Policy Strategy

Preventative strategies that are directly targeted towards early intervention can be very effective in reducing youth homelessness. The goal of early intervention is to address the immediate risk of homelessness youth may face, and then provide these young people and their families with the specific supports they need. The creation of effective prevention strategies means that governments should be working to identify youth who are at risk of homelessness, and then working to develop further interventions that reduce this overall risk.

The Upstream Project Canada is a social policy-based solution targeted to prevent youth homelessness.

The program is focused on the idea that every young person who becomes homeless has, at some point, interacted with the school system. These means it is very likely that they have engaged with an adult, like a guidance counsellor or teacher, who was unsure of the supports this young person had or would need. The Upstream Project Canada utilizes this interaction to identify at-risk youth and then connect them to the full supports they need. 


The project has been developed collaboratively by multiple organizations and utilizes the partnership and collaboration of multiple agencies, in order to create a coordinated system of care that can provide effective wrap-around services for at-risk students and their families. This would include social service agencies that specifically provide services to youth, school boards who oversee their education and development, and community partners that provide services like mental health supports.

The Upstream Project Canada uses an assessment tool to measure participating youths’ status. This includes:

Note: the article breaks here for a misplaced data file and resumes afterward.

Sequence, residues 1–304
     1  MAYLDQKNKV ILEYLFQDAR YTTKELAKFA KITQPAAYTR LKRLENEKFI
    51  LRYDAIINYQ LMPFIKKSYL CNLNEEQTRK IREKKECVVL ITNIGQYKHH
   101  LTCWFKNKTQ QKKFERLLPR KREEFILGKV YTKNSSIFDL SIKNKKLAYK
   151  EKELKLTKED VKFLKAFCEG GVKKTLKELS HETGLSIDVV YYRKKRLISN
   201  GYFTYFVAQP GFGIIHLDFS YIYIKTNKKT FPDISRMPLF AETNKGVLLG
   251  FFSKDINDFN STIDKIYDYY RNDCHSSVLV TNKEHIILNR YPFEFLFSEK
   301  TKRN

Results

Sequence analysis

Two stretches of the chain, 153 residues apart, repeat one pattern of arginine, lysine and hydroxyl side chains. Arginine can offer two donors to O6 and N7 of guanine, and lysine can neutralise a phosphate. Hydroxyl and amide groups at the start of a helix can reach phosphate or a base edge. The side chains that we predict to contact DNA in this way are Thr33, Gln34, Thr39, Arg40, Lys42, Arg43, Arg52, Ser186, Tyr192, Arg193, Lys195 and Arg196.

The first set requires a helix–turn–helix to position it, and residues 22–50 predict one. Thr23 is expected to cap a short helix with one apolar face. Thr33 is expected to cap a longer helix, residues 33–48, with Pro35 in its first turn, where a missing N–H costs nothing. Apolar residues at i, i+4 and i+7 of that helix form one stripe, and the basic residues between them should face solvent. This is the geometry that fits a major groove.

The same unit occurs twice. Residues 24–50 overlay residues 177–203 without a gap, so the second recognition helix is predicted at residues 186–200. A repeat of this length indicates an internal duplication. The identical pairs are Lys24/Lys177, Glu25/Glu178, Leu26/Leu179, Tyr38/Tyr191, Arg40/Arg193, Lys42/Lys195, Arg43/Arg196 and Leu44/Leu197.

• Self-esteem

  • Resilience

  • Psychological distress

  • Self-efficacy

  • Connectedness to home

  • Connectedness to their school and community as a whole

This assessment then helps to identify what supports a student requires. A follow-up screening interview is then conducted by a service provider. This allows for insight into the personal narrative of the youth, so that the program may gain knowledge into their specific circumstances. This interview also provides greater clarity in terms of responses highlighted by the youth in the survey. Each step of this assessment process ultimately allows for a more accurate assessment of the individual student’s needs.


After the assessment process, students who are identified as being anywhere from temporarily disconnected, to facing chronic disconnection are offered wrap-around supports that they may need, including referrals and connections to various social programs and services. This can include case management, and reassessment as needed to track changes in different areas such as health and education.


Ultimately, The Upstream Project Canada has several goals:

  • Increase in students’ overall well-being

  • Ensure access to safe, secure housing

  • Increase in school engagement

  • Increase in secondary school graduation rates

  • Reduction in family breakdown, dropping out of school, and involvement in crime are aligned objectives